During a quarter when everything was different, a professor known for installation art took her painting class outside.
Last quarter Jessica Stockholder was supposed to teach the course Painting Matters. When COVID-19 upended everything, Stockholder, the Raymond W. and Martha Hilpert Gruner Distinguished Service Professor of Visual Arts, had the idea of adapting her syllabus for an open-air painting course.
At the beginning of Autumn Quarter, the College offered three-week intensive courses—the equivalent of a standard 10-week course. “It struck me,” says Stockholder, “that an en plein air class would work for that three-week period, when the weather might accommodate it.”
Her adapted course, Painting Matters: En Plein Air, met in the morning until noon, three times a week. During the first week, when all College classes were remote, students painted at home. For the in-person classes, they gathered at the Logan Center, then found a spot to paint on the Midway. Most of the 14 students were nonmajors, though they all had taken a painting course before.
Traditional landscape paintings, created from observation, are not the type of work that Stockholder is known for—although sometimes she does create work that involves the outdoors. For an early piece, My Father’s Backyard (1983), Stockholder hung a spray-painted mattress on the side of her father’s garage and mounted a cupboard door on the roof with chicken wire. In 2009 she created an installation, Flooded Chambers Maid, in New York’s Madison Square Park, that included a brightly colored triangular platform and blue rubber mulch. Office workers took breaks there, and the local children played on it. Some artists might not have appreciated that, but Stockholder “enjoyed the variety of audiences that intersected the work.”
In her site-specific installations Stockholder uses lots of paint, but she applies it “evenly and opaquely, as a housepainter would do it,” according to the monograph Jessica Stockholder (Phaidon Press, 1995). She had never taught a plein air class before, or even taken one. Nonetheless her students raved about the course and her teaching—“excellent,” “amazing,” “incredible”—and were deeply grateful, during this strange and unprecedented quarter, for the “break from isolation” and “the much-needed sunlight.”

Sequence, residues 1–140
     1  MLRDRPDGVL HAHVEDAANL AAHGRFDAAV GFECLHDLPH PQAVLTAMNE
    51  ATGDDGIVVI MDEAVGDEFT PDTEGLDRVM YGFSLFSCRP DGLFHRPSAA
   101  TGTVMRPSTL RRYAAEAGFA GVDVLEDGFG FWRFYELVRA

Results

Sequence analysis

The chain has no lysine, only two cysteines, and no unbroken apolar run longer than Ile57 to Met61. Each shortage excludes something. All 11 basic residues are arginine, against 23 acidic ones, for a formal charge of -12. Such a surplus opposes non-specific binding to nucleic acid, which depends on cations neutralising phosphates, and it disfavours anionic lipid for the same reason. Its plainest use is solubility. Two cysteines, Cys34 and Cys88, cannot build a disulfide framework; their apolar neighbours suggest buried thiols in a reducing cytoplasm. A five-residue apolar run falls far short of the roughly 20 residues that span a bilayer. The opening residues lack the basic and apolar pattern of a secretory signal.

The following interview with Stockholder has been edited and condensed.
How was your course different from a traditional plein air painting class?
It wasn’t focused on how to become a mimetic painter. About halfway through I said to my students, you might be wondering what the course has to do with landscape, given the assignments. The assignments were very formal in nature, asking students to pay attention to the artifice of picture making.
When you move through life, you can’t notice everything. Consciousness is constructed to edit our perceptions. So art is an opportunity to slow down and ask questions about the editing. Why do we edit, and how do we edit?
I’m interested in visuality and how thinking and ideas are formally related to embodied experience. In the fall, the landscape changes so quickly. All the trees were changing color. It was a way of being in time, collectively, and noticing that shift. I hadn’t foreseen that, but it was really lovely.
What was the hardest thing about teaching the course?
It was difficult—and at a distance, where they’re not all together—to challenge the students’ preconceptions of what plein air painting should be.
When you are in a classroom gathered together, it’s like parallel play among babies. Babies don’t talk to each other, but they are very responsive to each other. An art classroom is like that. The students are always seeing what the others are doing and in this way they learn from each other. So that’s a real loss in this COVID moment.
Do you tell the students about your own work, or assume they’re going to google?
I don’t usually; only if they ask. I tell them I really love color, because I do.
I don’t think they usually google me, actually. At the undergrad level, they’re swimming in such complications of their own.
For one at-home assignment, you had them tape a sheet of acetate on a window and draw on it.
I learned that from Laura Letinsky [professor of visual arts]. She uses it in relation to photography.